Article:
One of the best features of an iPhone is voice dictation. For a legal professional, the ability to turn talk into text is a great feature. Lawyers have generally been good at leveraging dictation and transcription services. Typically, that was done with a standalone dictation device, expensive transcription software and someone to do the typing. Now, your iPhone can do most of that process for you, thanks to the Drafts and Voice Memo apps.
Set up Voice Memos
Your iPhone has a voice recorder built in called Voice Memos. It also appears on the Mac/iPad and syncs using iCloud. Find and open the app. Press the big red record button. Talk. Press the record button again to stop the recording. If you want, you can name the recording. If you ever used a traditional Dictaphone, you will be familiar with this process. The difference is that you don’t have to download the file created by the iPhone to your dictation software.
Note, when recording, include any punctuation commands (e.g., Dear John “comma”). It is best to speak clearly and somewhat slowly so that the iPhone can accurately transcribe what you were saying. That said, try to speak as naturally as possible. As dictation has gotten better, it will “read” the correct context of your words and make corrections as you go, with pretty accurate results.
Set up Drafts
If you don’t have Drafts, search for it in the App Store. There is a premium/subscription version of the app, but the free version should be fine for the use described in this article (at least at the time of writing).
Once the app is downloaded, simply open it and start typing a note. According to its App Store description, the app is summarized as: “Drafts, where text starts. Quickly capture text and send it almost anywhere!”
At its core, Drafts is an app that allows you to start typing text as soon as it is opened. Then, once that text is written, you can do something with that text (e.g., send a text message). It is available on iPhone, iPad and/or Mac. There is not enough space in this article to highlight all of Drafts’ features, but the more you use it, the more it will make sense to you and the more you will see what is possible.
In a recent update, Drafts added the ability to transcribe voice recordings you share with it from Voice Memos.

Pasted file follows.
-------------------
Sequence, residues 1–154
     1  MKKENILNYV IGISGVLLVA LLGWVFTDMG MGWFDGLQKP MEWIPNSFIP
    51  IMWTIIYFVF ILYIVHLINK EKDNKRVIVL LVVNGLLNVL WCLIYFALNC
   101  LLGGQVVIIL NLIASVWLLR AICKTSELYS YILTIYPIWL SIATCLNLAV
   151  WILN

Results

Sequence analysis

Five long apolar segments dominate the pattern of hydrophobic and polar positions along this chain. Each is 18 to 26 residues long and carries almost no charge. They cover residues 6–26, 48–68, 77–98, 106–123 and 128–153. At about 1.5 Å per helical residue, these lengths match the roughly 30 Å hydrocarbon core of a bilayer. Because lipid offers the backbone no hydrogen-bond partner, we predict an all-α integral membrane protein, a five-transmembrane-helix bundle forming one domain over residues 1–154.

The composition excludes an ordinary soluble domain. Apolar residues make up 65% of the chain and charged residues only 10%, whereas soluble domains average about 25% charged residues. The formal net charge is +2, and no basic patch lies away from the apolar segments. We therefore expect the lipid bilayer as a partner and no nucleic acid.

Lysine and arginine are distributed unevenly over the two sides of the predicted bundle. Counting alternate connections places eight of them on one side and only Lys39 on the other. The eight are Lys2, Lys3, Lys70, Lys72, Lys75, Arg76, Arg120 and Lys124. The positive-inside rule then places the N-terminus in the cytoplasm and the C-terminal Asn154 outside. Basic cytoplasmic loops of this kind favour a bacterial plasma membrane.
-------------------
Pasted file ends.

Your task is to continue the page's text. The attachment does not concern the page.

Transcribe your Voice
Go back to the Voice Memo app. On the voice recording you just made, find the “…” surrounded by a circle symbol. Tap and find the Share button. Tap the share button and find the Drafts app. Note: If Drafts does not appear, scroll the list all the way to the left and tap “More.” Tap “Edit” and add Drafts to your favorites. Back at the “Share” screen, tap Drafts and Drafts will ask if you want to transcribe the recording you just did. Tap “Transcribe” and let Drafts turn your voice into text.
Once the transcription is complete, click “Create” and the note appears. You can edit the text and then do whatever you need to do with your note.
One way I use this feature is capturing ideas/doing a “brain dump.” I may record a Voice Memo using the Bluetooth system in my car, separating ideas by using the phrase “new line” for each idea. As an example, I might say “buy milk,” pause for a second, and then say “new line,” pause, “email client regarding contract,” along with the text of the email. I try to visualize how the text would appear if I were using voice dictation on my device.
One of the benefits of using the voice recording instead of voice dictation is that I don’t have to look at the screen while I’m recording. I can simply talk and am not interrupted by other notifications or trying to edit the voice dictation as soon as it appears.
Another benefit is that I have the recording to reference if the transcription is not clear. I can listen to the recording again instead of guessing at what I was trying to say.
Additionally, it saves my team from having to transcribe my dictations. Now, I have the text of what I said and can send that wherever it needs to go. This can be really helpful for time-shifting work. I can record whenever and wherever and then use Drafts to send to my team easily. My team has my thoughts in text form that can be copied and pasted, better using their time. Win win!
Try this feature to take your dictation game to the next level.•
• Seth R. Wilson is an attorney with Adler Attorneys in Noblesville. In addition to practicing law, he helps manage the day-to-day technology operations of the firm. He writes about legal technology at sethrwilson.com and is a frequent speaker on the subject. Opinions expressed are those of the author.